A veteran policeman, Murtaugh, is partnered with a younger, suicidal officer, Riggs. They both have one thing in common: hating working in pairs. Now they must learn to work with one another to stop a gang of drug smugglers.
With personal crises and age weighing in on them, LAPD officers Riggs and Murtaugh must contend with deadly Chinese triads that are trying to free their former leaders out of prison and onto American soil.
When a multimillionaire man's son is kidnapped, he cooperates with the police at first but then turns the tables on the kidnappers when he uses the ransom money as a reward for the capture of the kidnappers.
Martin Riggs is an L.A. cop with suicidal tendencies and Roger Murtaugh is the unlucky police officer with whom Riggs is assigned. Together they uncover a huge drug-smuggling operation, and as their success rate grows so does their friendship. Written by
Graeme Roy <email@example.com>
Brian Dennehy was considered for the role of Roger Murtaugh. Dennehy turned it down as he had already played cops before in films such as First Blood (1982) and F/X (1986). However Dennehy and Danny Glover had previously appeared in Silverado (1985). See more »
In the scene with Dixie's house exploding, you can see the yellow prop sticker on Riggs' gun. When they walk to the car right after the explosion and later when Dixie's body is being taken out.
That is not a prop sticker its the gold Beretta emblem on the grips . The early 92F were issued with grips with a gold Beretta emblem on both sides. They were later changed to all black grips. See more »
Oh, smart and funny and filmed with pizazz, but mostly Gibson and Glover!
Lethal Weapon (1987)
In some ways this is a great movie. It's fast, it's filmed with dramatic fluidity and terrific light, it has more lively acting than most movies, and it's filled with heroes and bad guys you can relate to.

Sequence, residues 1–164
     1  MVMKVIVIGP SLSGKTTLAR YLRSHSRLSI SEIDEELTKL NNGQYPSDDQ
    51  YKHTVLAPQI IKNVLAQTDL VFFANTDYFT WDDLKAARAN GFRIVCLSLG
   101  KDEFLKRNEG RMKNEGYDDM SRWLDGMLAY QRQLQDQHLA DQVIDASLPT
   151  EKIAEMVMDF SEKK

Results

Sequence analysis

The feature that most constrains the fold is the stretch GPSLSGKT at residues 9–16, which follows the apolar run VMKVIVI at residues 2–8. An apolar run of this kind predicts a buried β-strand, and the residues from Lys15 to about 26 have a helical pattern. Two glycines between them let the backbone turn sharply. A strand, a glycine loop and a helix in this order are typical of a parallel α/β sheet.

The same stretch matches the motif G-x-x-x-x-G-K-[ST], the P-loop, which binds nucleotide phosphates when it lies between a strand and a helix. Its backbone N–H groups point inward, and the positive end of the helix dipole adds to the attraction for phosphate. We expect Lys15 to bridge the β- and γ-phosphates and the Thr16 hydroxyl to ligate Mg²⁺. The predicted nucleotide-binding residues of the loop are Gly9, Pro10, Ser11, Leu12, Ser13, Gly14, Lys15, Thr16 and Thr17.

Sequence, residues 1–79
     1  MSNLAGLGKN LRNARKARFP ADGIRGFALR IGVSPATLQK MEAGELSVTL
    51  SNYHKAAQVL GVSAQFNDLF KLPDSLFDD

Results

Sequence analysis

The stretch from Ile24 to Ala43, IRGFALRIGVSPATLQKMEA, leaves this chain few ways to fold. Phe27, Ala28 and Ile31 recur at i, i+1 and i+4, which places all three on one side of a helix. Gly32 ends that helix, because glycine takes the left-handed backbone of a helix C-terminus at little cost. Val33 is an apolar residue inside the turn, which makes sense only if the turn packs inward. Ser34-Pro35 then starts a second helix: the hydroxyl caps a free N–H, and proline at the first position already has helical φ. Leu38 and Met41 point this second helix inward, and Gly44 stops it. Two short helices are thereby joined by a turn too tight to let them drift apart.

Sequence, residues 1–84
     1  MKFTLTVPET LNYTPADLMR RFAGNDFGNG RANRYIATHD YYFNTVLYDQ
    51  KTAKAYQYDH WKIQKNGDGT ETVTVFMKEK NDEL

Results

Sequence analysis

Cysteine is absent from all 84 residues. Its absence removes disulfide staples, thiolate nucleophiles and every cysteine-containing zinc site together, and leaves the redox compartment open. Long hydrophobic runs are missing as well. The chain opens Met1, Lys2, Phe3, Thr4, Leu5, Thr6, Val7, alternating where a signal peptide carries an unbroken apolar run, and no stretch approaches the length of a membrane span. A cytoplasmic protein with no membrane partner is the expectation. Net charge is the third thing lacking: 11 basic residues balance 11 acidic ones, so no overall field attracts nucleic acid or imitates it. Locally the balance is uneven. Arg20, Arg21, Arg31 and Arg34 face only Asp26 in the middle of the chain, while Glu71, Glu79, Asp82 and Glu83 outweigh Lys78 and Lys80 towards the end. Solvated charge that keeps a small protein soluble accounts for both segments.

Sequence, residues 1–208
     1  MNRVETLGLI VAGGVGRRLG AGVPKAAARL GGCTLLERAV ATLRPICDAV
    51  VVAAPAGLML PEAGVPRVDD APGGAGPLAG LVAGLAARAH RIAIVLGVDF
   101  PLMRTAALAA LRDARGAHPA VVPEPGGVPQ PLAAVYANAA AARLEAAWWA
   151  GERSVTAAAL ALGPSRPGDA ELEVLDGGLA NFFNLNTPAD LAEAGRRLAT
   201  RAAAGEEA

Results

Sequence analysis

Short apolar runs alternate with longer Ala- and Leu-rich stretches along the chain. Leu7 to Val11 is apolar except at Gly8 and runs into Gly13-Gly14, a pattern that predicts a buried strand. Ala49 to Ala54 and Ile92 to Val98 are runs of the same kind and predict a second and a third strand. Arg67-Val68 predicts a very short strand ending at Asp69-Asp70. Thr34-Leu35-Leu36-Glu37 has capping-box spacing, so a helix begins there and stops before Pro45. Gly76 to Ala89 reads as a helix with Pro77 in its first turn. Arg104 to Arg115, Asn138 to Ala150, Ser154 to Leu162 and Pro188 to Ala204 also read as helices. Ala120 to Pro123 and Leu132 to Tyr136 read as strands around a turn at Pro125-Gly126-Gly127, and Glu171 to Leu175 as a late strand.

Director Richard Donner broke out of years of successful television directing with the headline hit, "The Omen," in 1976, followed the next year with "Superman." But oddly enough (or not, following his t.v. years which included not only several "Twilight Zone" episodes but also "Gilligan"s Island" and "Perry Mason"), it was the unlikely buddy movie with Mad Max star Mel Gibson that has made him very rich, and almost famous.
Gibson makes it easy to forget all the nastiness that has happened lately in his life (from his own doing) because he's such a natural screen presence. I had almost forgotten how alive and a little edgy he could be in his goofy, handsome way. And Danny Glover, equally, comes alive on the screen, a little goofy as well, of course, but comfortable as the dad in a functioning middle class family. The two men are cops, thrown together and by some stroke of bad luck, pitched into high stakes dramas one after another.
And if you really bother paying attention, the plot is a strain, made more for effect than anything that matters or even quite makes sense. There are ex-CIA heroin dealers and absurd (and dangerous) helicopter chases, fantastic skills with guns and an even more fantasy-like muddy hand-to-hand fist fight under the spray of a broken fire hydrant at night. Yeah, it's crazy and over the top and you just have to dive in and say, cool, go for it, great filming, funny one-liners.
It's a moment for moment movie with a handful of clunker moments but hundreds of crazy fast and exciting ones. For all they are worth. In some ways, at least, as entertainment straight up, a kind a television on steroids, this is a great movie.
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